Hirtshals is a thriving fishing and trading town, whose commercial port is one of the nation’s largest with ferry connections to Norway, the Faroe Islands and Iceland. There are fine beaches, an authentic fishing harbour environment and open views to the North Sea from the unique stairs that connect the central square, Grønne Plads, with the harbour. Hirtshals Museum is housed in a fisherman's cottage from 1880. The museum features an interactive exhibition about Hirtshals Harbour, the Hirtshals fishing industry in addition to a separate section about Signe Hansen and the local aquavit called Bjesk.
Hirtshals Church was designed by architect Carl Valdemar Hansen-Harild and was completed in 1908. Until that time the locals had to travel 5-6 kilometres to Horne to attend church.
At the invitation of the local Fishery and Marine Association, a memorial to local fishermen and seafarers lost at sea was erected in 1951.
Before heading south along the Ancient Road, you can follow Nordsøstien (the North Sea Route) a few hundred meters eastwards and visit the North Sea Oceanarium, which houses one of Scandinavia’s largest tanks with 4.5 million litres of water.
Hirtshals Lighthouse and Bunker Museum
South along the Ancient Road you reach Hirtshals Lighthouse – the town's landmark, which became operational in 1863. The lighthouse guided seafarers for more than 150 years. There is access to the lighthouse every day between 10:00 and 17:00. Venture up the 144 steps and enjoy the stunning views over the North Sea, the region of western Vendsyssel and the town itself.
The next stop is the Bunker Museum in Hirtshals (Bunkermuseum) – one of the best-preserved German WW2 fortifications in Denmark. The 450 X 750 meter fortification is still operational and is today an open-air museum.
The Ancient Road follows along Tornby Beach where it meanders inland through the beautiful woodlands of Tornby Klitplantage, which is a wind-swept coastal conifer plantation where the centuries-old drifting dunes are easily spotted in the forest undergrowth. The hilly terrain offers deep, lush valleys and high vantage points with magnificent sea views.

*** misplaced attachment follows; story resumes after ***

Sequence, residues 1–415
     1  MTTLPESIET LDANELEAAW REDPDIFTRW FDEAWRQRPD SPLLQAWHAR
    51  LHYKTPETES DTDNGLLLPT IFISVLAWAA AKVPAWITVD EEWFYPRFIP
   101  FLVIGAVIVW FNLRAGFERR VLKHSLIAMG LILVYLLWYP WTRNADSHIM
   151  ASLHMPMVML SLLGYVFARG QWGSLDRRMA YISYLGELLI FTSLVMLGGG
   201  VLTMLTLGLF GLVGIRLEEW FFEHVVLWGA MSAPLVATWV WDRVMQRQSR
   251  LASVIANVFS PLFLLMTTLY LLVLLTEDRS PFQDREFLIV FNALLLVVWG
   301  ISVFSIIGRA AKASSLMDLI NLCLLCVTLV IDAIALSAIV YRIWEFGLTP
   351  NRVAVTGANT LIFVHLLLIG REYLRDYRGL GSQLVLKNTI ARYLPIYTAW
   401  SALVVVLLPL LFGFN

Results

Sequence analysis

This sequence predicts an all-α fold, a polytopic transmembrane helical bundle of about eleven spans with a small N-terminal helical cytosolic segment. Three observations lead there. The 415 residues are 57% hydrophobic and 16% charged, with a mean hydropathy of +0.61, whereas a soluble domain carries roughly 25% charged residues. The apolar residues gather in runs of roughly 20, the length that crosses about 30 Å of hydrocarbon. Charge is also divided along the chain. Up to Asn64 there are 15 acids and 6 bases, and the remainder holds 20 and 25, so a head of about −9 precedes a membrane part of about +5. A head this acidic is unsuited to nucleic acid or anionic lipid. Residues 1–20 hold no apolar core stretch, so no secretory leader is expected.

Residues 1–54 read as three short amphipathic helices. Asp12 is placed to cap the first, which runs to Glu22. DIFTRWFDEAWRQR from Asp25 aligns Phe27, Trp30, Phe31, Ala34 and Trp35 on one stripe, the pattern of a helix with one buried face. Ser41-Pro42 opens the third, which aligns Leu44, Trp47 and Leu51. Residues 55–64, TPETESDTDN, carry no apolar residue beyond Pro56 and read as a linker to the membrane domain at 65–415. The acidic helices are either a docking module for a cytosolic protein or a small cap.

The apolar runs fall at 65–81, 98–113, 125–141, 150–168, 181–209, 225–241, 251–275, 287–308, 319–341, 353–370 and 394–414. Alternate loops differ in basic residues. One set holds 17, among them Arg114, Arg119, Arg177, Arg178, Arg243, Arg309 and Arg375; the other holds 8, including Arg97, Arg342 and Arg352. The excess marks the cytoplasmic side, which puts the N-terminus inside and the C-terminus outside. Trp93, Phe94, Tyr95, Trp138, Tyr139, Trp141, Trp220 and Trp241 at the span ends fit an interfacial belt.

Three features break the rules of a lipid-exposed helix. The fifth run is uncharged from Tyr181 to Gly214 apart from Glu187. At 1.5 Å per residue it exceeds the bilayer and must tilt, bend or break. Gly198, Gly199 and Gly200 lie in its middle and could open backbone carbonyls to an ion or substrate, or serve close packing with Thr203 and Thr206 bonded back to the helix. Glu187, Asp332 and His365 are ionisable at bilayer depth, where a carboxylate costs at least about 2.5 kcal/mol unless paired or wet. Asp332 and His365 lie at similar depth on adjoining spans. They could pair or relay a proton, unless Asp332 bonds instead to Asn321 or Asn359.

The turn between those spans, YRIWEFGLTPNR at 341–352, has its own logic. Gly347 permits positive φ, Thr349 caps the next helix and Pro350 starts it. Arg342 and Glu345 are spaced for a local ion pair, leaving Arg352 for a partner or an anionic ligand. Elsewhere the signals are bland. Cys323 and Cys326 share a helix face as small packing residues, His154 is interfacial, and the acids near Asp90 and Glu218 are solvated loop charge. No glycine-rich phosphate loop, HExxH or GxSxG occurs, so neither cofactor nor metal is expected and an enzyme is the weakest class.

Here you can take a detour to Tornby Church further inland. The church was constructed in approx. 1200 and there is a light-hearted runic inscription in the church. The altarpiece features a beautiful wood carving from the 1400s, where you can see St. Nicholas, the original Santa Claus and the patron saint of sailors.
When in Tornby, visit the 200-year-old village merchant house, Tornby Gl. Købmandsgaard, which is furnished as it was in 1860 when the local trade with seafaring vessels using shallow-hulled, beach-friendly boats was at its peak.
The merchant house and its coffee room and bjesk-serving salon is open year-round (including the exhibition). Located just 300 meters south of Tornby Gl. Købmandsgård, the over 4,000-year-old Neolithic dolmen, Tornby Dyssen, is also worth a visit.
Towering 84 metres over sea level, the hillscape of Tornby Bjerg offers magnificent views of Northwest Vendsyssel and its undulating landscape shaped by Ice Age glaciers. The sea and the vast dune plantations stretch to the north and northwest as far as the eye can see. If the weather is clear you can even catch a glimpse of the dunes of Skagen, the very tip of Denmark. To the east and southeast you look inland towards the town of Hjørring, and here the landscape is lush, green and hilly.
Back on the Ancient Road, you head towards the beach of Kærsgård Strand and onwards to the river estuary of Liver Å. A little south of the parking lot at beach behind the dunes there is a water-covered hollow. The area is called Vandplasken and is a great location for nature walks and bird watching. The area is protected and there is no direct access but there are fine views of this wetland from the dunes by road. Continuing along the Ancient Road you reach open countryside where you can see birds such as linnet, whitethroat, meadow pipit, and whinchat. Maybe you are also lucky enough to come across a red-backed shrike.
Travelling inland from Nørlev Strand you reach the dunes of Skallerup. The distinctive dunes were shaped by shifting sands from the 1500s until the 1800s when farming got the better of the menacing sand drift. Sand drift was a disaster for the peasants at the time, who had to abandon their homes to the shifting sands. Inland sand dunes offer very distinctive flora and fauna.
Next stop is the famous Skallerup Seaside Resort where there is also a convenience store. Skallerup Seaside Resort offers plenty of experiences, including a waterpark, Roman baths, and an equestrian centre as well as farm visits.
A looped detour of three kilometres allows you to visit Skallerup Church. Before his appointment as bishop in 1518, the illustrious Stygge Krumpen was a dean with Skallerup Church as his seat. The church was originally consecrated to Saint Nicholas, who is also a patron saint of sailors. There is a finely carved crucifix and a beautiful oak cabinet from the 1500s. Uniquely, there is a stone checkerboard, which has served as a combined board game, calculation board and as a warning against the sin of gaming.
Back on the Ancient Road we now head to the seaside town of Lønstrup.
THE NEXT STAGE: LØNSTRUP – BØRGLUM ABBEY – THISE